Sunday, July 29, 2012

Sunday Songs - Our God is in Control



Deeply meaningful to me now. 

(And I can actually listen to the entire thing without bawling now. Which is also progress.)

Saturday, July 28, 2012

Weekend Links - July 28, 2012

Since I spent the week with 42 7-12 year olds, plus the counselors needed to make that happen, I did not spend a lot of time on the computer. I did not save many links. I did, however, check my email a few times. Coming away from the real world and totally unplugging is hard.

Here are some links I had saved and a few that I saved yesterday after I got home:

1. I still haven't figured out this "proportional dressing" thing, but this post made sense:
A Crash Course in the Golden Ratio.

2. I saved this post for inspiration for future family reunions (just in case I'm ever in charge of making those happen). I don't think you can read the whole thing without wishing to actually be a part of Sarah's family for a few days: Family Reunion 2012.

3. You know that the Second World War was a worldwide thing. Did you know that a bear fought in it? True story: The Soldier Bear that Fought in World War II.

4. I don't have a book deal (although I would love to actually finish one of my books one day!) but I could identify with this post: First-Book Syndrome. There's just so much you want to say, you know?

5. Buying and eating locally sounds good. I am not opposed to Farmer's Markets or grocery stores sourcing locally. But it may not always be the best choice and I'm glad someone is pointing that out:
Locavore's Dilemma. (P.S. Can we please stop making food into a moral issue? I'll answer my own question: probably not. But I can dream.)

6. This just seems odd: JCPenney's to Eliminate Check Out Clerks. I think Penney's problems have a lot more to do with that bizarre pricing scheme they came up with last year and a lot less to do with check out clerks but I'll admit I don't know much about retail (other than how to find a good deal).

7. Moms / Wives this one if for us: The Witch. I Hate Her. (A devotional about not letting hormones get the best of us.)

8. Miss the Olympic Opening ceremony? UK Daily Mail has a fantastic photo post to bring you up to date. My favorite parts: The Queen, the "forging" of the Olympic rings, the moment of silence for those who died in WW1, The Chariots of Fire sequence with Mr. Bean, the parade of nations, the torch ceremony, & Paul McCartney. Did you watch?

9. I had no idea this was a problem: Losing Olympic Medals. I'd probably just wear mine 24/7, even around the house. Especially while I'm vacuuming and what not.

10. The US Olympic uniforms have not been without controversy this year. But after looking through this photo retrospective: US Olympic Uniforms Through The Years, I'd say Ralph Lauren got it right. As a writer at a political blog put it: "We are, first and foremost, a blue-blazer wearing people." I'm forced to disagree with her conclusion that the 1980's uniforms were the pinnacle for us. Let's just admit it: cowboy hats do not look good on everyone.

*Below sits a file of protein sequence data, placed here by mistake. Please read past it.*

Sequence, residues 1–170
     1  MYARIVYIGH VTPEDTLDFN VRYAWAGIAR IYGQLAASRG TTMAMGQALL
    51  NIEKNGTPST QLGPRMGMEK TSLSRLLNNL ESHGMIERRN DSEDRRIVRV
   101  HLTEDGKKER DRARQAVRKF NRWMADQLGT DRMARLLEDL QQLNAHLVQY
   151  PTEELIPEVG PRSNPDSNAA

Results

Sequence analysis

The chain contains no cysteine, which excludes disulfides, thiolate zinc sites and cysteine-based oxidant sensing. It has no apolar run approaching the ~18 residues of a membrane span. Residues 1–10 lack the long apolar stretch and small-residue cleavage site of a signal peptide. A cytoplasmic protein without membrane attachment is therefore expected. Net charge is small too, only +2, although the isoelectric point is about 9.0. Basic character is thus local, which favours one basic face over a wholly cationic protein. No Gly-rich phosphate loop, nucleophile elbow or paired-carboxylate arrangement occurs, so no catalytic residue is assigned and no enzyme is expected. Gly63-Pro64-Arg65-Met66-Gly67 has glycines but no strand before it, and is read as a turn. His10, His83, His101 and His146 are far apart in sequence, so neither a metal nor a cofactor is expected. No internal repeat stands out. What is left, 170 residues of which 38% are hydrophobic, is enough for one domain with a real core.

And with that, my links folder is empty. I'll have to do a lot of web surfing for next week's post. Or, maybe, it'll just be about the Olympics. (It won't.)

Pins to share:

So true, and I do this all the time.

Also true:

Love this bunk arrangement:

And this room is adorable:

Did you stumble on any great posts or pins this week? Come share at Vanderbilt Wife!

Friday, July 27, 2012

Five Question Friday


Another week (well, 4 days) of camp has just come to an end. It was a good week but my brain cells are fried. I am also:
  • Tired - so, so tired. And I didn't even stay up until 3 AM with the younger counselors last night
  • Sore - 31 year old out of shape women should not be playing dodgeball with 7-12 year olds. Even if they're girls.
  • Daunted by a pile of laundry taller than I am. (Granted: not a difficult challenge)
So, in order to best recover, procrastinate, etc., I decided to take part in Five Question Friday.

1. What is the funniest thing you saw on Facebook/twitter this week?
Probably some pictures of "Downton Abbey" olympians from a Tumblr feed. I don't want to link to it because the original site is not family friendly (and there is a lot of bad language). But they did make me LOL.

Also this (via Pinterest, not FB, but just go with me here):

I've only been home from camp for a few hours. I got on FB pretty soon after we arrived home. That's kind of sad. (But I was using it to thank all my excellent help. So that makes it OK, right?)

2. What is your favorite Olympic event?
Michael Phelps.

What's that you say? He's not an event? You are wrong. But, whatever. Swimming, then. Followed by Diving, Gymnastics, Synchronized Swimming, and Track and Field.

My least favorites (because I know one of you is going to ask): Boxing, Badminton, Weightlifting and Wrestling. Gross.

And it's still criminal that they took away softball. Not as criminal as the cheating that goes on in gymnastics judging, but still criminal. [/soapbox]

3. Do your kids do chores around the house? If so, what are they and how old are the children? Do they get paid for them?
We're Dave Ramsey fans so our kids are on commission. Which we start when they're around 4 or 5. They get paid a {very small} fee for each specific job completed. They get paid once a month for those jobs (taking out the trash, doing a load of laundry, etc.)

Some jobs are done just because they're members of our family and we all have to help. (Things like putting dirty clothes in the laundry, make your own bed, put your toys away, etc.)